|Kia Super League|
|Group stage: 30 July - 14 August Finals Day: 21 August (Chelmsford)|
|Coverage: BBC Test Match Special commentary on seven group games, plus Finals Day; additional coverage on BBC local radio|
Former England captain Charlotte Edwards feels the Super League has been a "blessing in disguise" for her since retiring from international cricket.
Having captained England in over 200 matches, Edwards brought an end to her 20-year international career in May.
The 36-year-old will now lead the Southern Vipers as the tournament gets under way on Saturday.
"If I had just retired and not had an immediate focus I would have struggled," Edwards told BBC Sport.
"It would have been a very big gap to fill, as county cricket does not have any training programmes in place.
"With the Vipers we have two training sessions a week and a fitness and conditioning coach so I haven't really missed much from not being in the England set-up."
Edwards has spent the summer living with Vipers team-mate and New Zealand captain Suzie Bates and said being surrounded by top quality cricketers had kept her motivated.
While the women's game has grown a huge amount since the Huntingdon-born player's England debut in 1996, the Kent batter feels the Super League is one of the biggest developments to date.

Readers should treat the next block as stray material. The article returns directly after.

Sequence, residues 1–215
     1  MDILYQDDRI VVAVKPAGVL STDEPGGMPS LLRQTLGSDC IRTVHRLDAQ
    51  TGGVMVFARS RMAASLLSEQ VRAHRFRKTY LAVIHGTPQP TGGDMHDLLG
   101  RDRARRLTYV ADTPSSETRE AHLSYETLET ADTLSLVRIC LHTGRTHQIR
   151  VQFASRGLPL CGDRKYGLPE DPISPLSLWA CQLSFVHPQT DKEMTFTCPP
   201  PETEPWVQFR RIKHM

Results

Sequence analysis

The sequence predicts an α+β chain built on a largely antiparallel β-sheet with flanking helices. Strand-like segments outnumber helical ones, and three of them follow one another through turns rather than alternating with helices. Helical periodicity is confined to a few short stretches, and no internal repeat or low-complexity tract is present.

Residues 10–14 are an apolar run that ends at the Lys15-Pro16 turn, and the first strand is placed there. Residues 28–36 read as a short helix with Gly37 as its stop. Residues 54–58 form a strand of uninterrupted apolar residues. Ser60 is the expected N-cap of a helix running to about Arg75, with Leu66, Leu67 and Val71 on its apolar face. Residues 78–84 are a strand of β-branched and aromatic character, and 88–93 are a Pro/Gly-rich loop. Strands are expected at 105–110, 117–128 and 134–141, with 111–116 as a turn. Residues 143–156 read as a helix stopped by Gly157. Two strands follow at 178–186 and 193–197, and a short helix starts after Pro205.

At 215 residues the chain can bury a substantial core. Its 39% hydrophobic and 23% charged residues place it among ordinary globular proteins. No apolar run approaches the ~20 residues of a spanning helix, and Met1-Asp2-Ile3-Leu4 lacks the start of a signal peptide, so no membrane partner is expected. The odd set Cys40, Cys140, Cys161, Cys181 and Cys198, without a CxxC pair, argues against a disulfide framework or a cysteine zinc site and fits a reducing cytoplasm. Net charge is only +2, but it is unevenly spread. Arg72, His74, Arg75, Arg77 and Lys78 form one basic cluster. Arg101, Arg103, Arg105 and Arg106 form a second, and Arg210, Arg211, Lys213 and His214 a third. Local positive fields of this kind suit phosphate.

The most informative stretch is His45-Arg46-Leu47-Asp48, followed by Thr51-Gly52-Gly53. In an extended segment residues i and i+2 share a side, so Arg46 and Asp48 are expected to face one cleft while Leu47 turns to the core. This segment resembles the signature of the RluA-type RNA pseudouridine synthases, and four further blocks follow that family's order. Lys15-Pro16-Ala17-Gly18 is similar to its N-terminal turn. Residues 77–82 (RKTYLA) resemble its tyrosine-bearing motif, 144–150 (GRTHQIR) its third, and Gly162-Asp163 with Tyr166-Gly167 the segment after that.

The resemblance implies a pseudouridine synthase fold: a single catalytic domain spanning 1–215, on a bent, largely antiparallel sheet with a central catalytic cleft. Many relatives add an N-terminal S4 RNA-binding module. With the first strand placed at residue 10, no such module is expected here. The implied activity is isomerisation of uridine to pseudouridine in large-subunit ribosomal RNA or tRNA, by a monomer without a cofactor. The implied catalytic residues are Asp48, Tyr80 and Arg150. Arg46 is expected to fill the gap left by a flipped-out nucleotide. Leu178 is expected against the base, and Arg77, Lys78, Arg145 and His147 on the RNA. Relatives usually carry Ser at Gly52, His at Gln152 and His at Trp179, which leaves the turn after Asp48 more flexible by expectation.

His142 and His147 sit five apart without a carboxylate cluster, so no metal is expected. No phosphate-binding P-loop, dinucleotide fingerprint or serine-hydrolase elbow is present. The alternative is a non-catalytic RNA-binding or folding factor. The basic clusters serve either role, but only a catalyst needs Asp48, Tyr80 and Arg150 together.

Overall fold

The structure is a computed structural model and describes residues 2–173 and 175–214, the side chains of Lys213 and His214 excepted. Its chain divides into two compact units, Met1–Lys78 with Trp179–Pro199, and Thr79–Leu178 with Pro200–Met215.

|Southern Vipers' matches at the Ageas Bowl|
|Sunday, 31 July: (H) v Surrey Stars|
|Monday, 8 August: (H) v Yorkshire Diamonds|
|Sunday, 14 August: (H) v Loughborough Lightning|
The Super Fours - a limited-overs tournament played annually and designed to bring together the best 48 female English cricketers - preceded the Super League but it was a competition Edwards felt could not be sustained.
"The KSL is brilliant as it will further prepare our England players for international cricket as well as expose many young girls to high level cricket," she added.
"So often women's cricket in this country is judged by internationals and how the international team do but I think people can form an identity with the Super League teams.
"Hopefully it can grow women's cricket not just at international but grassroots level too."